"With the packing capacity and understanding how much pork the export market and U.S. consumer can sustain, it's going to be a huge driver of where we go from here," he says. "The export market is hugely important to us and there are certain markets that are emerging and other markets we need to work to continue to sustain."

New Fashion continues to grow with experts like Coble, operating in seven states. For him, relevance to the industry is where he finds himself today, much of the credit being given to Kansas State University.

"They say when you come out of college, you're never prepared for the real world," he says. "I would say I was probably as prepared as anybody could have possibly been."

Coble attributes this to two things: The Kansas State professors' level of industry involvement is second to none, and they are so relevant that the industry brings questions to them knowing the quality and integrity that the answers will envelope.

"K State's focus is the producer," says Coble. "Feed and nutrition is the vehicle, but the consumer is the No. 1 priority."

It's the challenge of researching, implementing and communicating to producers that keeps Coble learning and teaching about hog production and makes him valuable to New Fashion Pork as well as the industry as a whole.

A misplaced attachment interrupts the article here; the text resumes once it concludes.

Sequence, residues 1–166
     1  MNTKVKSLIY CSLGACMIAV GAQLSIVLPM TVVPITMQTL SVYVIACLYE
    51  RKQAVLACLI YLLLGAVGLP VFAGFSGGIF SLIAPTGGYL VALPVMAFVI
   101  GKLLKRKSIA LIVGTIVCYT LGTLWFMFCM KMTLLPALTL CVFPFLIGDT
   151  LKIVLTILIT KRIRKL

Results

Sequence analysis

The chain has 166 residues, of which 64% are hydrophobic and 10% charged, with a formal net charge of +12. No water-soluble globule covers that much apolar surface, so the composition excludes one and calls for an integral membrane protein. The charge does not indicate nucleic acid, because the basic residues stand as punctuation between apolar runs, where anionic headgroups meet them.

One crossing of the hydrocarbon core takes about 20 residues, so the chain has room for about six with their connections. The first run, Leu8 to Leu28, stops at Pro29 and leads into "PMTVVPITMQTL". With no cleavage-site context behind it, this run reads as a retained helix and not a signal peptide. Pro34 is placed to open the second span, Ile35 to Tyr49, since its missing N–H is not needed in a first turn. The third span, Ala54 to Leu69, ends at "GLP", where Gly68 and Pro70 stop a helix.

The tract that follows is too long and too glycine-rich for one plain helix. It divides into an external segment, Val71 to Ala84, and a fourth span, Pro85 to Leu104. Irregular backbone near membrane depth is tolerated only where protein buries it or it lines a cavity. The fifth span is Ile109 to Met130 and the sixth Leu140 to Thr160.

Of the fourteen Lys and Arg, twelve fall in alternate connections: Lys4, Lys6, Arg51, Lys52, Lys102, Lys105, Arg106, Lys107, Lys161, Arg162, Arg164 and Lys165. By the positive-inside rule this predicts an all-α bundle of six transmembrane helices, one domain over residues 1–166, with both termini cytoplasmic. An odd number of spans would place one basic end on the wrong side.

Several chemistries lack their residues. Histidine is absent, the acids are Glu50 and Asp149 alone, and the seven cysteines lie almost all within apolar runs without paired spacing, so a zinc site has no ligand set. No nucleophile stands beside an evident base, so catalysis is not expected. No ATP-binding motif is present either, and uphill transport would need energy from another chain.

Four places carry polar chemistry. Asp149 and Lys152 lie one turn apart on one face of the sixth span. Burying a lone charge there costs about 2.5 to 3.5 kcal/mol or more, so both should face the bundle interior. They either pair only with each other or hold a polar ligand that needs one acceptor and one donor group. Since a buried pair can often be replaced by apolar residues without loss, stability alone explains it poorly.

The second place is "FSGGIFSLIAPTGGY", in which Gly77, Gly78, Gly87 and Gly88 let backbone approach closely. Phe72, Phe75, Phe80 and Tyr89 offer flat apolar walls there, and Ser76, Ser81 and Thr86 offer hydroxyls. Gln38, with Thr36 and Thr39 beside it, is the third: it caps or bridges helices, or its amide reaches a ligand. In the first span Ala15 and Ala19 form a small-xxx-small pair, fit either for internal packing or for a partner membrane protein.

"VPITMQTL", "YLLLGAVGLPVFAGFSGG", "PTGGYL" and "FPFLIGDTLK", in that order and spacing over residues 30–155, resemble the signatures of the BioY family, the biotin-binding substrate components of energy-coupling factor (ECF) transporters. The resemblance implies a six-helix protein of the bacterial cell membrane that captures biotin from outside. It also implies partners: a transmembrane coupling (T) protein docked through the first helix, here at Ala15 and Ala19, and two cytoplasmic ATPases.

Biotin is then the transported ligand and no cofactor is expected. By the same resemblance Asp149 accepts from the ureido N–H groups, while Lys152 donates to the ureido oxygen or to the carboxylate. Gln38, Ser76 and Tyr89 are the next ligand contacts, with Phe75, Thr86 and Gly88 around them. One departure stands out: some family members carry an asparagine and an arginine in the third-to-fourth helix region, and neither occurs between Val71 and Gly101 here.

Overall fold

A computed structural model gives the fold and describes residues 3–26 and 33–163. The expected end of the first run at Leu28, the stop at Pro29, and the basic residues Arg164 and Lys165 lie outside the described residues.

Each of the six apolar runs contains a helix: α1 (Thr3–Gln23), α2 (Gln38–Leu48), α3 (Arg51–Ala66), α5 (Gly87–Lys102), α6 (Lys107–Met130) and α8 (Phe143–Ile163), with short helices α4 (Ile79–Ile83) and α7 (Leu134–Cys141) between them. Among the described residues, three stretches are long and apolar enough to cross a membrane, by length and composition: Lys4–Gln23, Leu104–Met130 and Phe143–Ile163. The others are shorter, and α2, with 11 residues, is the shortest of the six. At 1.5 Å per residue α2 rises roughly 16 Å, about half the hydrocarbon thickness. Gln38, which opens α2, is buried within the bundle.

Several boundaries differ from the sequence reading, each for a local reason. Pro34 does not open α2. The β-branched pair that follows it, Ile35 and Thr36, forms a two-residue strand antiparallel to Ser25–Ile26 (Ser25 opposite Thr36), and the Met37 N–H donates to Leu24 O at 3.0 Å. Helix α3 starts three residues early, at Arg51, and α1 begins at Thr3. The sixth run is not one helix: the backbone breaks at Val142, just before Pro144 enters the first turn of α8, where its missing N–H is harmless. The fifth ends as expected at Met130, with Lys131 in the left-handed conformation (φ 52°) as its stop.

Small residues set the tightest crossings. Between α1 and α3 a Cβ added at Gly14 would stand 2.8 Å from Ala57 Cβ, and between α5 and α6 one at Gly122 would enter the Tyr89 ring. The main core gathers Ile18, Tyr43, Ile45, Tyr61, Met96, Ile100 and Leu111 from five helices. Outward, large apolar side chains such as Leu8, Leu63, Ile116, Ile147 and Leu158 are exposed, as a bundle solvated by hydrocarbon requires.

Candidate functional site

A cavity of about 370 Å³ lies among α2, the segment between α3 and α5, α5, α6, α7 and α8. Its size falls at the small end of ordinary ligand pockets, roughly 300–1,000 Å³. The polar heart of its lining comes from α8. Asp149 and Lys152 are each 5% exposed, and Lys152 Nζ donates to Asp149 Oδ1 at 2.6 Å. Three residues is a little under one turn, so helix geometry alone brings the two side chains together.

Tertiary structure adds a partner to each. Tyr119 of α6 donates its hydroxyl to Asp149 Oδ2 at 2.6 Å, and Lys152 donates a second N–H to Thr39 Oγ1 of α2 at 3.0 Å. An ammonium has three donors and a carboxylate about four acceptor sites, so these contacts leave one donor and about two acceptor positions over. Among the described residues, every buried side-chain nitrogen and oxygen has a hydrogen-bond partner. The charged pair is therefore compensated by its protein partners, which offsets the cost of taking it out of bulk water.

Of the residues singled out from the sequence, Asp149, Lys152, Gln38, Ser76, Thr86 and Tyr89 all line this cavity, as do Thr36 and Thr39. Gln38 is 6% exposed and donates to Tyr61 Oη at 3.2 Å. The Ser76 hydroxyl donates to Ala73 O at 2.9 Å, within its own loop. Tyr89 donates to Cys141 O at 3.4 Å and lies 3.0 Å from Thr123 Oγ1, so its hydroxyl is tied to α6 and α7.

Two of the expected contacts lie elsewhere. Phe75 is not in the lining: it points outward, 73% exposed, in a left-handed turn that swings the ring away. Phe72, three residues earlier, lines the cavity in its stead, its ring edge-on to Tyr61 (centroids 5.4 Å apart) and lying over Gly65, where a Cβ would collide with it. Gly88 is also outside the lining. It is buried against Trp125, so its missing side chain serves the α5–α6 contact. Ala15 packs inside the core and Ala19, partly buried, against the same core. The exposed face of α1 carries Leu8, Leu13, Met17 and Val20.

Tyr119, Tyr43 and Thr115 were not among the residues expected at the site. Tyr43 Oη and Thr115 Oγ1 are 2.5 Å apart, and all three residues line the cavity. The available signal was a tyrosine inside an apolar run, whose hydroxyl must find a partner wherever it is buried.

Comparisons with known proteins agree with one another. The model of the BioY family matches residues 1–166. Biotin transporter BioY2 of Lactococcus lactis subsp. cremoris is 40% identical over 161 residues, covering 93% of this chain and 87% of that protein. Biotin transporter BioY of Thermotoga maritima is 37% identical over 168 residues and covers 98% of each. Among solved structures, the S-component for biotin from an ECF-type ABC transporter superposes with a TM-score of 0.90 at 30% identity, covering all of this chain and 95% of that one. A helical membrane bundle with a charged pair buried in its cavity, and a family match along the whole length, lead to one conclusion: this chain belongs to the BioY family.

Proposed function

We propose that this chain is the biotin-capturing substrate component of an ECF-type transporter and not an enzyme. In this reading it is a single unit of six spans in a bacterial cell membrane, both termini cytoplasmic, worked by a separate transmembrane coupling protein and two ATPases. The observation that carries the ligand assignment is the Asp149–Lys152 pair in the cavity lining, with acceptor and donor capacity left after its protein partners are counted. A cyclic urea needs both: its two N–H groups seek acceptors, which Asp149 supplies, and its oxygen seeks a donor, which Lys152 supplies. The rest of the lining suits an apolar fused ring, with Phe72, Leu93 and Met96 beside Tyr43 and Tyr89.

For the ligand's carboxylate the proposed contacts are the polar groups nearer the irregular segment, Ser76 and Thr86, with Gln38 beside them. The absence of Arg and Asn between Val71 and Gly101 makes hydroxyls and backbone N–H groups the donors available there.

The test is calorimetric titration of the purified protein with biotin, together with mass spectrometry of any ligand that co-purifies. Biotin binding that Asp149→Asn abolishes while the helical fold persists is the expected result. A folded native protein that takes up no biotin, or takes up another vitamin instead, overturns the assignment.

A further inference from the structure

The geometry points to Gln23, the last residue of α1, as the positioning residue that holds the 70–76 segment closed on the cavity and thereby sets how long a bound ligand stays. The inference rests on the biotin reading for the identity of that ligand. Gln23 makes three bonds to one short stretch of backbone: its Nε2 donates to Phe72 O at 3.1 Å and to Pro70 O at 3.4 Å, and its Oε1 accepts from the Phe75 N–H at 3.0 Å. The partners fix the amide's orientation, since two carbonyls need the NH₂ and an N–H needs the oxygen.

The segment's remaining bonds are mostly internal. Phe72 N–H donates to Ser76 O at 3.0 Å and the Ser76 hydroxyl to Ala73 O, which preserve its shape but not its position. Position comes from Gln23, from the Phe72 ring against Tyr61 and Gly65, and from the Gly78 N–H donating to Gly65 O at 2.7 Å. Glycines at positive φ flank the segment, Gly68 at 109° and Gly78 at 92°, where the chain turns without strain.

What To Read Next
Members Only
“In our industry there aren’t a lot of young people in it. I like the fact that there are a lot of young people in agriculture here,” he said of the Mitchell area.
Minnesota Farmers Union, Minnesota Soybean Growers Association and Minnesota Corn Growers Association were pleased with items in Gov. Tim Walz's "One Minnesota Budget" proposal.
John Deere and the American Farm Bureau Federation recently announced they had come to an agreement that will lead to more accessible repairs to John Deere equipment.
Sponsors include Farmers Union Enterprises, Minnesota Soybean Research and Promotion Council, Minnesota Soybean Growers Association and the Agricultural Utilization Research Institute.